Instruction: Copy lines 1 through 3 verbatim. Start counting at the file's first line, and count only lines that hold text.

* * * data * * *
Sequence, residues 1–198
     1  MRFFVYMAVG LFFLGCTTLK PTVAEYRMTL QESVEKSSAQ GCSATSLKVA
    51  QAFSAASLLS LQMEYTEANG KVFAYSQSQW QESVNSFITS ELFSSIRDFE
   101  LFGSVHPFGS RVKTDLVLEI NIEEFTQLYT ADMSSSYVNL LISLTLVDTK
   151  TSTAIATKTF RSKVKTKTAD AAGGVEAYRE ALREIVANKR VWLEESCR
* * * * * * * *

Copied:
Sequence, residues 1–198
     1  MRFFVYMAVG LFFLGCTTLK PTVAEYRMTL QESVEKSSAQ GCSATSLKVA
    51  QAFSAASLLS LQMEYTEANG KVFAYSQSQW QESVNSFITS ELFSSIRDFE